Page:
Startups score in IT Awards, some old-timers reinvent
India’s IT sector may be facing some strong global headwinds and the start-up space may be struggling to get going, but there is no doubt the country’s technology ecosystem remains as fertile as ever. If the 400-odd entries for the fourth Express IT Awards reveal something, it is that innovation is alive and kicking; more new ideas are being thrown up than ever before, and young, agile minds are coming up with solutions hitherto not imagined.
To be sure, not all of these solutions may be scalable and many probably cannot be turned into a workable business model, but a knowledgeable jury comprising the best minds in the business has cherry-picked the best of the lot. While the larger firms are expected to continuously innovate to be able to stay ahead of the pack, it is wonderful to see the good work done by boutique firms. Indeed, in several of the categories, fledglings have taken on giants to come out victorious, proving there are many bright minds in our midst. These include Practo and Lenskart, both of which have become very popular with users. The very useful work done by government departments, both at the Centre and in the states, has also been recognised.
Our Newsmaker of the Year, Kavin Mittal, is one such youngster who is passionate about building a platform—where buyers and sellers will also converge along with those wanting to share their daily lives—which started off looking like just another messaging app. In a short span of time, Mittal has been able to convince investors his model is a viable one and his business is now valued at $1 billion. The jury has also recognised the tremendous achievement of the National Payments Corporation of India (NPCI) in delivering the Unified Payments Interface (UPI) platform which promises to be a game-changer in the area of electronic payments.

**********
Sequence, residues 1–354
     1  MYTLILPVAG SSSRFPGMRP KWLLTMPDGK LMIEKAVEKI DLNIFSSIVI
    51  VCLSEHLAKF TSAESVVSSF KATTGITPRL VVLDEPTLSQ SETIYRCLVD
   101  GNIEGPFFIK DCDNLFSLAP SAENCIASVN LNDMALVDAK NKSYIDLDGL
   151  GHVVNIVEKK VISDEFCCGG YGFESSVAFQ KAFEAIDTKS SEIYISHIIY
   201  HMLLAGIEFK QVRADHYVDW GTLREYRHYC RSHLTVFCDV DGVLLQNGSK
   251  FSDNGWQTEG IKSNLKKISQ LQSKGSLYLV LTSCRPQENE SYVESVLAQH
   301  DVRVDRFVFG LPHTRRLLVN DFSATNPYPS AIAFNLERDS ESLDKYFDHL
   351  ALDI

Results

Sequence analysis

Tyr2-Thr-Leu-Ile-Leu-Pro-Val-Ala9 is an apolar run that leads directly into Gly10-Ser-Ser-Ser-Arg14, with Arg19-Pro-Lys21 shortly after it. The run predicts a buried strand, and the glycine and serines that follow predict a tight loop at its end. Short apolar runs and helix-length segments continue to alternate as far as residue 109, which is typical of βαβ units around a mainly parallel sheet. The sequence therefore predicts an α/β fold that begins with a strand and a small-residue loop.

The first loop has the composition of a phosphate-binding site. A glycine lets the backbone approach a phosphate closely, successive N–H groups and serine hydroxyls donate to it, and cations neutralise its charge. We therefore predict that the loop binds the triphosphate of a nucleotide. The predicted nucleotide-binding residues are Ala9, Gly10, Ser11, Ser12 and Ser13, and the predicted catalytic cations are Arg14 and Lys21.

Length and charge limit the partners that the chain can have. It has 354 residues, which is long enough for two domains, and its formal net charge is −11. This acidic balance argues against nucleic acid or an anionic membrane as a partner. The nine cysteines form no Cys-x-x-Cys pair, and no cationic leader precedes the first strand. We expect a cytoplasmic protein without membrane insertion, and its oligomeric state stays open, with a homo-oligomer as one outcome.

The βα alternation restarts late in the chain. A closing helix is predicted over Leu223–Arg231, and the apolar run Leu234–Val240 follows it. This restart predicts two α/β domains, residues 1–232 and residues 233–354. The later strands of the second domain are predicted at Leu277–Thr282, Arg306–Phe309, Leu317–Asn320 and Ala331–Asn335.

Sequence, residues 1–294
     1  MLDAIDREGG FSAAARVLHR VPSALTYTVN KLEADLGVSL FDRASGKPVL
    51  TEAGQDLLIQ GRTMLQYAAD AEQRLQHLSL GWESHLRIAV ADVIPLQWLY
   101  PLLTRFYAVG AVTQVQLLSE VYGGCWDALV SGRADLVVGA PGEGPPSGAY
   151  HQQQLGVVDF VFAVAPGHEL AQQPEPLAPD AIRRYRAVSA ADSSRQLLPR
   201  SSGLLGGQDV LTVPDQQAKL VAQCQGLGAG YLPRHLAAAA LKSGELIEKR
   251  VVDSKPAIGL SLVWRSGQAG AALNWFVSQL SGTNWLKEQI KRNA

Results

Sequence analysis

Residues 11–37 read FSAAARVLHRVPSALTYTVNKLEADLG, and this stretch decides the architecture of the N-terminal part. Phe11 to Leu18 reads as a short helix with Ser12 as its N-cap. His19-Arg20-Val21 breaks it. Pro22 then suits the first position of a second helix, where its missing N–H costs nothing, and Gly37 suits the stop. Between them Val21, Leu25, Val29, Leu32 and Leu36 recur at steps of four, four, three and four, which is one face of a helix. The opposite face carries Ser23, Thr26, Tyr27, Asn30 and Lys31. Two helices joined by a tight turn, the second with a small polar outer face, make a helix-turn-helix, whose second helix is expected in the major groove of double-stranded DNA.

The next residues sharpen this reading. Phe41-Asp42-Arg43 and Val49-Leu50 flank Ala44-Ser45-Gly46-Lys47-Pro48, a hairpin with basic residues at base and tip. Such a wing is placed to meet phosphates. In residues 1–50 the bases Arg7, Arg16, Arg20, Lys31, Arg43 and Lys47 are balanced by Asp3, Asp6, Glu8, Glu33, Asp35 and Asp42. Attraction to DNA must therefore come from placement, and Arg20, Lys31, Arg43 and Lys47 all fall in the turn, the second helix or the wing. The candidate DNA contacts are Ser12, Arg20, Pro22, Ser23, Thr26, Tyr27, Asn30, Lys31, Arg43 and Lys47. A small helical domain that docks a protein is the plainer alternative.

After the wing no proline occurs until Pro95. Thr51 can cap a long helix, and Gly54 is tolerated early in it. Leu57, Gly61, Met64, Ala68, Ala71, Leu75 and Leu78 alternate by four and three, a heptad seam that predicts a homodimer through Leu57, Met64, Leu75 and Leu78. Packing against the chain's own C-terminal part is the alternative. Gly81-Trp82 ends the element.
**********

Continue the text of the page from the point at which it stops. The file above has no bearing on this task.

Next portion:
The timing for the launch couldn’t have been sweeter, coinciding as it does with the government’s push for cashless transactions. There are other winners in the e-commerce and payments space, all of whom have put their ideas to work—Paytm, for instance, which is becoming a way of life and already boasts more than 100 million users. Indeed, if the IT giants did the heavy lifting all these years putting in place the basic infrastructure, newcomers are using this base to build newer technologies. They know the customers better and are thus able to create products which are user-friendly. While flow of funds into the e-tailing space may be slowing down given how very few businesses have actually become profitable, there is nevertheless enough support from angels for a good idea. At 74, our lifetime achievement award winner, Ashok Soota, is a great example of how to create and recreate. The sprightly Soota has helped build three businesses and has to be an inspiration for thousands of start-ups across the country. It is really never too late to start.